Staffon Donerlson remembers his mother taking him to Green Lakes State Park when he was a child. When he was older and needed to relax and refresh, he’d head to the Fayetteville park for cookouts. But he never knew the park — with its splendid glacial lakes and popular picnic facilities — also featured hiking, fishing and golfing.

Now, as CNY Ladders to the Outdoors program director, Donerlson coordinates events that introduce children from under-resourced neighborhoods to the diverse natural, historic and recreational features of New York’s parks system. “There’s a lack of exposure for many families and children,” he said. “They don’t know what’s going on at parks, or they don’t even know they exist. There are historical sites, unique trails, fishing, bird watching. There’s so much to do.”

Girls in the woods
Black Girls Don’t Get Love participates in Ladders to the Outdoors program at Green Lakes.

Barriers including transportation, access to equipment and discrimination prevent some people from enjoying nature, recreation and exercise in New York’s parks, said Duane Owens, state parks regional director. “There’s a perception we don’t have the gear and the knowledge to use the parks,” Owens said. “Some people don’t feel safe or welcome at the parks.”

To address these inequities, the Community Foundation provided a Community Grant to the Natural Heritage Trust for recreational equipment, instructors and outreach for CNY Ladders to the Outdoors. The programs offered, including skiing, fishing and camping, introduce outdoor experiences to youth in Syracuse neighborhoods with high levels of poverty and limited access to green space.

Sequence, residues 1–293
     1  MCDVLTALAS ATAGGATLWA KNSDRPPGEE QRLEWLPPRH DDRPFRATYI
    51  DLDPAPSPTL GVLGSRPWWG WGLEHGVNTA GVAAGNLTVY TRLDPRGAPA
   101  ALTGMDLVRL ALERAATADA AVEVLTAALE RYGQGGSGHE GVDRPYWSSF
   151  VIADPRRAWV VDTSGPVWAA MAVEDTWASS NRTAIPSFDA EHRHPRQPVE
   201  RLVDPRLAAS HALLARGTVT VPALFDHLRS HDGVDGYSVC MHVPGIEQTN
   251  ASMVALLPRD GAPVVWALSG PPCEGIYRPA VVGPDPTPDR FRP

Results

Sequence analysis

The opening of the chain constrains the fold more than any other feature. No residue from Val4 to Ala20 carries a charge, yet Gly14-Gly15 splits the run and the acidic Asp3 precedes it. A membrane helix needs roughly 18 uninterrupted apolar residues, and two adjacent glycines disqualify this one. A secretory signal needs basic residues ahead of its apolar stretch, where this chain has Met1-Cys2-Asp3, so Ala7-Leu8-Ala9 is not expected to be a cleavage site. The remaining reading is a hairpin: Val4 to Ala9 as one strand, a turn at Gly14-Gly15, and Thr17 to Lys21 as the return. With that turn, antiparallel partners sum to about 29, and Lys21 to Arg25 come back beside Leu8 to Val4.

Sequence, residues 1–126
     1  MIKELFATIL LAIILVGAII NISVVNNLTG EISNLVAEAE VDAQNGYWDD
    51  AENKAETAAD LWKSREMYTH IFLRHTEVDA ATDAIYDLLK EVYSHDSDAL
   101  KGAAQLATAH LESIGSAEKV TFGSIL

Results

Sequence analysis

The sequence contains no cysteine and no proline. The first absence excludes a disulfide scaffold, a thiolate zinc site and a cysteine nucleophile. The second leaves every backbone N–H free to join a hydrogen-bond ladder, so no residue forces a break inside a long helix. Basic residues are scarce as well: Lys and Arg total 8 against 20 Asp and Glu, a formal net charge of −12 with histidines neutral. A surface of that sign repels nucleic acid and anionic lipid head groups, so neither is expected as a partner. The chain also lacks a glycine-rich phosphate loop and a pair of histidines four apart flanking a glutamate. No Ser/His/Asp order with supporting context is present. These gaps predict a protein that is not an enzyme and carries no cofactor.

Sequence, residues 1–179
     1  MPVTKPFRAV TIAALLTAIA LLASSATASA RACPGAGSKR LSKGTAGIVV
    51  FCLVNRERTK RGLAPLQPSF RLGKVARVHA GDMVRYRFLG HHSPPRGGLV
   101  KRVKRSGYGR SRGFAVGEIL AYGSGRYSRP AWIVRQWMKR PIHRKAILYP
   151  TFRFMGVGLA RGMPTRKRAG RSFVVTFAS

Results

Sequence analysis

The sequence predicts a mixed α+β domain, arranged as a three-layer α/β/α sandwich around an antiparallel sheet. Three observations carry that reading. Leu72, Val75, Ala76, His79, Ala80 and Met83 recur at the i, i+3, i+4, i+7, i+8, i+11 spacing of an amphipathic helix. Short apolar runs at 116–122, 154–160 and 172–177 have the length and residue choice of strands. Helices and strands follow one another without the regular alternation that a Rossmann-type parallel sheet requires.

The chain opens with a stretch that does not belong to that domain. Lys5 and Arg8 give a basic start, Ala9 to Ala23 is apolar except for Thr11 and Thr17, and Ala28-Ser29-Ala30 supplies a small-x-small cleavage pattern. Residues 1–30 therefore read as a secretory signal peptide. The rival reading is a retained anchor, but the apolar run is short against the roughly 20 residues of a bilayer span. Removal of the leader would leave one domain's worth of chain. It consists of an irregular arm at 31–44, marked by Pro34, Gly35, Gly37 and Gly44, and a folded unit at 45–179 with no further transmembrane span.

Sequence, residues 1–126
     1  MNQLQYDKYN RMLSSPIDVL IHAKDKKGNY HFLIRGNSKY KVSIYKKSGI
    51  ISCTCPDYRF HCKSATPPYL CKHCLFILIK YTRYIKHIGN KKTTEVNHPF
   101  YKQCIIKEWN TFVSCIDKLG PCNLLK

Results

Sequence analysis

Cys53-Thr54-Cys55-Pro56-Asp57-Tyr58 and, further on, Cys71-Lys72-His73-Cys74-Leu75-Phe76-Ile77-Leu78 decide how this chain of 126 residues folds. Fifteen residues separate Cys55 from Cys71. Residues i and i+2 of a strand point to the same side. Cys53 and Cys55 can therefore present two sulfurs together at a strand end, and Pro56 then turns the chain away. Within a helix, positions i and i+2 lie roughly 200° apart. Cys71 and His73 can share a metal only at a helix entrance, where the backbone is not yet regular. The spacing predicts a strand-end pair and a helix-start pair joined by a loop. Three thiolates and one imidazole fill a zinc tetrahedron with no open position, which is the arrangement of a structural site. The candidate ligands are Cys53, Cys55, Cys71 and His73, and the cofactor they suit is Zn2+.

In April, Black Girls Don’t Get Love, a nonprofit organization that provides positive and tangible opportunities for young women of color, spent a day exploring and adventuring with CNY Ladders to the Outdoors. Donerlson, along with other nature experts, led the group of more than 30 girls around Green Lakes as they taught them how to build tents, start fires safely, bird watch and make s’mores.

“We want to make sure that nature is accessible to young girls of color and that they are exposed to opportunities to explore and experience all that our planet has to offer,” said Eden Strachan, founder of Black Girls Don’t Get Love. “It was incredible to watch our girls fully engaged and smiling throughout the day.”

CNY Ladders to the Outdoors launched in Western New York in 2020 with support from Natural Heritage Trust, a nonprofit partner to the New York State Office of Parks, Recreation and Historic Preservation. The program expanded to the Syracuse area in 2022.

“Too many of our parents and our uncles and our aunts in the city of Syracuse never spend time in the great outdoors,” Owens said. “Camping equipment is expensive. When you go to a state park, you need a different set of clothes. Once you start knocking down some of those barriers, it’s about how to make it accessible.”

CNY Ladders to the Outdoors has organized programs that include fishing, snowshoeing and birding. During the summer, it provided kayaking lessons and camping at Green Lakes and other sites. Our grant supported equipment such as paddles, kayaks, life preservers and binoculars for nonprofit organizations to use.

Of the 10 children attending one of the fishing clinics at Clark Reservation in Jamesville, none had previously visited the state park. The young anglers caught, cleaned and ate the fish. “This is really good,” one told the staff.

CNY Ladders to the Outdoors is designed to create a new generation of park visitors who enjoy the health benefits of exercise and recreation. “When you go out to these parks, it’s an attitude adjustment, no matter who you are,” Owens said. “It’s good for the soul. If we can get kids and their parents out there, maybe they’ll come back.”

As of April, 275 youth participated in Ladders to the Outdoors environment and education programs.

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